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Hostage Lands Review by Kathy Gelzer

Douglas Bond
P&R Publishing Company
PO Box 817
Phillipsburg, NJ 08865-0817

 Being a "mostly classical" homeschooler, I was excited to review Hostage Lands, a historical fiction book for teenagers set in AD 211 England. The book opens with modern-day fifteen-year-old Neil Perkins discovering an ancient Roman manuscript on his farm in England. This sparks a renewed interest in his Latin studies as he translates the document with the help of Miss Klitsa, his eccentric Latin teacher. The manuscript is an account of an unlikely bond between a Roman centurion, Rusticus, and a Christian Celt named Calum. These two men join forces and wits to de-power a Roman tribune, Festus, who has betrayed his people for his own selfish purposes.

There is a fair amount of battle description and strategy in this exciting book. I think boys around age ten or twelve on up would really enjoy it, and it holds plenty of appeal for adults as well. The first four chapters and the last chapter (of 37 total) are written from the perspective of Neil, the farmer boy who discovers the manuscript. The other chapters tell the tale that is in the manuscript itself and are written from the perspective of Rusticus, the centurion. There is a glossary of Roman and Celtic terms in the back of the book, which is much appreciated. There is also a timeline of Roman Britain there.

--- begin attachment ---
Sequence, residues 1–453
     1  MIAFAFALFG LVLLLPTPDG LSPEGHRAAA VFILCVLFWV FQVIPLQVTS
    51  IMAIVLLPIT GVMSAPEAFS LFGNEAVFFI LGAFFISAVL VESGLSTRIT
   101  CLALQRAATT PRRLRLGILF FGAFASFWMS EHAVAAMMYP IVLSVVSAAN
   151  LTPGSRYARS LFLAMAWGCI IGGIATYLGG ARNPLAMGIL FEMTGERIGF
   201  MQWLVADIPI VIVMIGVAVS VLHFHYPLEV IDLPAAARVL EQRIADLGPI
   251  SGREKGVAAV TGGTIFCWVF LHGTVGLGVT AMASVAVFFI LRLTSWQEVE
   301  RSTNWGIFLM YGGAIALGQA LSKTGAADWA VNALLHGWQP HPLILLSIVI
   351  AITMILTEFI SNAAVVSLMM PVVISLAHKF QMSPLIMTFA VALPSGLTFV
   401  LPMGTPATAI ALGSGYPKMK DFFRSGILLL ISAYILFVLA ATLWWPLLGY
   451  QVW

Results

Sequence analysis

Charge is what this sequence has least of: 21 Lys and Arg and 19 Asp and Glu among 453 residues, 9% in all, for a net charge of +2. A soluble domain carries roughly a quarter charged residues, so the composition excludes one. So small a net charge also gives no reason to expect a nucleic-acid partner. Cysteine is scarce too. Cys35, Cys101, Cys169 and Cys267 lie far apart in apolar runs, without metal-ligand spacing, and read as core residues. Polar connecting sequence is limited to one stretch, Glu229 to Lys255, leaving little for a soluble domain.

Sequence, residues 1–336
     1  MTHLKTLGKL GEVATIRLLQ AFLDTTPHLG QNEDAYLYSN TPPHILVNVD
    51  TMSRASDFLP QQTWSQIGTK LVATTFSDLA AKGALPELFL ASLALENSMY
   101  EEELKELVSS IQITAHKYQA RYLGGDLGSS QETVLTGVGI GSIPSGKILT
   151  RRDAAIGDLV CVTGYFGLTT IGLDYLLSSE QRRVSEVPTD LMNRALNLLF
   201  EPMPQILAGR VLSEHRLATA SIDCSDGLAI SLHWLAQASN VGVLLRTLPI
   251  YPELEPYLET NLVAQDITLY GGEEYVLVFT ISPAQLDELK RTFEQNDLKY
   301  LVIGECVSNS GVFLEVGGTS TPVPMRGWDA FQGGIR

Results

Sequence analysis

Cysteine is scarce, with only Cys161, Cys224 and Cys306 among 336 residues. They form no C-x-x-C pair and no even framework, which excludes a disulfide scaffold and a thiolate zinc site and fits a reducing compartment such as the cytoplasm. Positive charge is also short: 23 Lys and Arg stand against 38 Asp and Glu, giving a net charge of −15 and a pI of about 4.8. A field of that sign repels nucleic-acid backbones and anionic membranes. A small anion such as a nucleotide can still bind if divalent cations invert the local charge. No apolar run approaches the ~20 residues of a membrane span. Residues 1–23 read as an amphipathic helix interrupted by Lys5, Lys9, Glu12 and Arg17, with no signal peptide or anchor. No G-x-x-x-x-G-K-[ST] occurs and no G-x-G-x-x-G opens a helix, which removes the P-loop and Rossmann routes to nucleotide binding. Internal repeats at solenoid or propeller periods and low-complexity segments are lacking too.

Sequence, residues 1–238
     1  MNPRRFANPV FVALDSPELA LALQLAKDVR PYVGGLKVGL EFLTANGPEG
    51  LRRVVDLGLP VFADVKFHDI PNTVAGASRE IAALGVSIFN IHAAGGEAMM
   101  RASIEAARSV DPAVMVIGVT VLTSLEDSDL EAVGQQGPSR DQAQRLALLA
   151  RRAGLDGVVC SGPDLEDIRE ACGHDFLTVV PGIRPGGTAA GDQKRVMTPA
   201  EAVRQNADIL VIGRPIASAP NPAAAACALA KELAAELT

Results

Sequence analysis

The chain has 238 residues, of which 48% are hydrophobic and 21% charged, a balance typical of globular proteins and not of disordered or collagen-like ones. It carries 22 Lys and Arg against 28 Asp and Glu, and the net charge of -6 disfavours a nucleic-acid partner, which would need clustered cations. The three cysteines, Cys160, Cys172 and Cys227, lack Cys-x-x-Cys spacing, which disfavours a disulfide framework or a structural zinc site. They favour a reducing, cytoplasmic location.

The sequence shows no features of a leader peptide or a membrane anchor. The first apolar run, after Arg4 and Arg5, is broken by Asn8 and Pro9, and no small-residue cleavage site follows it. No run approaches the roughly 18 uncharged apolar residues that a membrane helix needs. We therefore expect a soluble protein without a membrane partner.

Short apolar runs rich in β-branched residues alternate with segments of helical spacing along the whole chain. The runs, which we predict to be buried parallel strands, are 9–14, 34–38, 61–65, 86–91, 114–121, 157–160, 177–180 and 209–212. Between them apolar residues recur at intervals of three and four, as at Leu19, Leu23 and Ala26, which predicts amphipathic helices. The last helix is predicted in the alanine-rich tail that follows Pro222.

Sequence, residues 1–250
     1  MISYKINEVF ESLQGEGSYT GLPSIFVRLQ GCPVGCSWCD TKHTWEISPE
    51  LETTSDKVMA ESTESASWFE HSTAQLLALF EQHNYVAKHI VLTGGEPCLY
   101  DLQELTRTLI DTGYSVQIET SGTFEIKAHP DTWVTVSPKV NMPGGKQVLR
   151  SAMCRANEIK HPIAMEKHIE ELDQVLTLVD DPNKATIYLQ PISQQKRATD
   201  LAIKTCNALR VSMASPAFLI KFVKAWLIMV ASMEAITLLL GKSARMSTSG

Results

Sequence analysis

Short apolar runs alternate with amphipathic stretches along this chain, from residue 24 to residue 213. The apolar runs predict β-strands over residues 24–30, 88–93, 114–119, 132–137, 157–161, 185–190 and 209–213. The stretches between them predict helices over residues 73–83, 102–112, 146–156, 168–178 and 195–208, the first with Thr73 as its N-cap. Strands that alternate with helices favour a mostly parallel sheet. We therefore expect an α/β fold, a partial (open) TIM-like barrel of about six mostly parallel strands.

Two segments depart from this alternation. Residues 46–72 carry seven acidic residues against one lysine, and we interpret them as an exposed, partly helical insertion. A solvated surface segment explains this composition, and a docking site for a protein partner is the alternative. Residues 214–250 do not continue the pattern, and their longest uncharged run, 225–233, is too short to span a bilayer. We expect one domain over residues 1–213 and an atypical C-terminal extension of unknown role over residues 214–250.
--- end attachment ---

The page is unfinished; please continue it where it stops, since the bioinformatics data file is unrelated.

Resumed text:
I must say I didn't take to Neil much. He is disrespectful to Miss Klitsa and admittedly lies to his mother often. Actually, all of the students quoted in the first chapter treat the Latin teacher poorly. It was hard to get through that part. I was hoping to see some character development in Neil by the end of the book. This could have been done in two ways: by briefly switching back to modern times every now and then to show how the story in the manuscript was changing Neil for the better in his relationships, or by showing more of a change in him by the end of the book. In the last chapter, Neil at least shows more interest in English history and some appreciation for his eccentric Latin teacher for her help in the work of translating the manuscript.

Overall, I think this is a very good example of historical fiction. The gospel story is neatly woven in as Calum tells his story around a campfire one night. The plot is realistic yet surprising in its twists as it reaches a satisfying end.

Product review by Kathy Gelzer, The Old Schoolhouse® Magazine, LLC, August 2007